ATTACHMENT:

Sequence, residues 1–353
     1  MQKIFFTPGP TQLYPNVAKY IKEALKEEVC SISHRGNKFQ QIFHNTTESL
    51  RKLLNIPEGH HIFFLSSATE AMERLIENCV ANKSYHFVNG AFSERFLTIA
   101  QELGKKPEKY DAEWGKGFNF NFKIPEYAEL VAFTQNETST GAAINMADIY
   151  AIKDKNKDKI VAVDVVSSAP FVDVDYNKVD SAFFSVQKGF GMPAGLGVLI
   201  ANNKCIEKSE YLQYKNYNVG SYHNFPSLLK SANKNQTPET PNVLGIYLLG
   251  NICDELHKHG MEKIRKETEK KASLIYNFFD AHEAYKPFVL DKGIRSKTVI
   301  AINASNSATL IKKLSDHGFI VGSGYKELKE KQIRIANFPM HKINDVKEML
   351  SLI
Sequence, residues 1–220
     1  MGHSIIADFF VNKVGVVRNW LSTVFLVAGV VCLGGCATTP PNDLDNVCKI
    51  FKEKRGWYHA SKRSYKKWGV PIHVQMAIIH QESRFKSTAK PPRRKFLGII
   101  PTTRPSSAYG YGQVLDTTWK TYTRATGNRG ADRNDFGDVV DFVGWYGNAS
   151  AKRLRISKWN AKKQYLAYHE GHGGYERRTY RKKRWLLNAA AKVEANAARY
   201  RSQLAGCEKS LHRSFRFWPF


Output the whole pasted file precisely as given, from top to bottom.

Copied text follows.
Sequence, residues 1–353
     1  MQKIFFTPGP TQLYPNVAKY IKEALKEEVC SISHRGNKFQ QIFHNTTESL
    51  RKLLNIPEGH HIFFLSSATE AMERLIENCV ANKSYHFVNG AFSERFLTIA
   101  QELGKKPEKY DAEWGKGFNF NFKIPEYAEL VAFTQNETST GAAINMADIY
   151  AIKDKNKDKI VAVDVVSSAP FVDVDYNKVD SAFFSVQKGF GMPAGLGVLI
   201  ANNKCIEKSE YLQYKNYNVG SYHNFPSLLK SANKNQTPET PNVLGIYLLG
   251  NICDELHKHG MEKIRKETEK KASLIYNFFD AHEAYKPFVL DKGIRSKTVI
   301  AINASNSATL IKKLSDHGFI VGSGYKELKE KQIRIANFPM HKINDVKEML
   351  SLI
Sequence, residues 1–220
     1  MGHSIIADFF VNKVGVVRNW LSTVFLVAGV VCLGGCATTP PNDLDNVCKI
    51  FKEKRGWYHA SKRSYKKWGV PIHVQMAIIH QESRFKSTAK PPRRKFLGII
   101  PTTRPSSAYG YGQVLDTTWK TYTRATGNRG ADRNDFGDVV DFVGWYGNAS
   151  AKRLRISKWN AKKQYLAYHE GHGGYERRTY RKKRWLLNAA AKVEANAARY
   201  RSQLAGCEKS LHRSFRFWPF